But, unlike a supermarket panic that will disappear when the hurricane passes, this silver inventory panic will not blow over in a few days. Once this silver inventory panic begins in earnest, as it must, it may last for years. That's right, I said for years. That's because it has been over 20 years since businesses began adjusting to the Japanese-inspired no inventory model. There's no way that can be undone in days. As silver prices rocket higher, inventory will be coveted more and more, reinforcing inventory-building strategies in the face of world silver inventories at multi-century low levels. That’s right, we have the lowest total world inventories in hundreds of years, at precisely the same time we have the lowest individual inventory levels in millions of businesses, and all of this at the same time as a chronic structural deficit between real supply and demand. I couldn't make this up if I was on LSD.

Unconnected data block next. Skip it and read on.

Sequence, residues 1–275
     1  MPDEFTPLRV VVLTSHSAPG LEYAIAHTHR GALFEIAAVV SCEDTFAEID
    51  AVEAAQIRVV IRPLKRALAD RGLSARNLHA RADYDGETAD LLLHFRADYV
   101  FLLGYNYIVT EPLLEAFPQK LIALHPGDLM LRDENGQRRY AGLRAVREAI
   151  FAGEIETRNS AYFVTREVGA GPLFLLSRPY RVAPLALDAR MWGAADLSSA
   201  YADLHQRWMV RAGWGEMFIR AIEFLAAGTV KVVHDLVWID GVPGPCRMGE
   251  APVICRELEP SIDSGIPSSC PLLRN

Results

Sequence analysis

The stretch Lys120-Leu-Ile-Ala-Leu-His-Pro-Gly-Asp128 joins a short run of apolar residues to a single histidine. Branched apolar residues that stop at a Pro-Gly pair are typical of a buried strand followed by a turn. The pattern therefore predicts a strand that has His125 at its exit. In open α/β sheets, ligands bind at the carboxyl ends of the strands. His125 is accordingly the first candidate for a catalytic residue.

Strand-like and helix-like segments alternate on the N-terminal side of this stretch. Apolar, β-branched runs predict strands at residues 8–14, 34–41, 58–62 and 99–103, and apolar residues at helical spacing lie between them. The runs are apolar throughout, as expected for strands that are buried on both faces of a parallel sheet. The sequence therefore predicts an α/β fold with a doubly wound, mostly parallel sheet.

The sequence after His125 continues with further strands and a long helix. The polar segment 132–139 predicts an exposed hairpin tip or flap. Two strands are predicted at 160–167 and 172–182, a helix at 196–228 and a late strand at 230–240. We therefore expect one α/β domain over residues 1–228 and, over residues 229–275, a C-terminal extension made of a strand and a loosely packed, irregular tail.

The culprit in this almost unbelievable setup, of a certain inventory buying panic, is leasing. Leasing has allowed material, at the margin, to flow and fill the gap between supply and demand, with no influence on the price per ounce. The market has been tricked into the coming buying panic. Leasing has allowed us to slip into a collective world silver coma that can only be shattered by the mother of all buying panics. There is nothing much more I can do, in terms of warning the authorities. It was this exact panic scenario that prompted me to warn the Department of Defense about the coming shortage. Now, I can only warn you. Get prepared. Get all the silver you can. Now. Don't wait for the price to start its run. You will be competing against every silver-consuming business in the world. Take advantage of the current low prices. Shop early.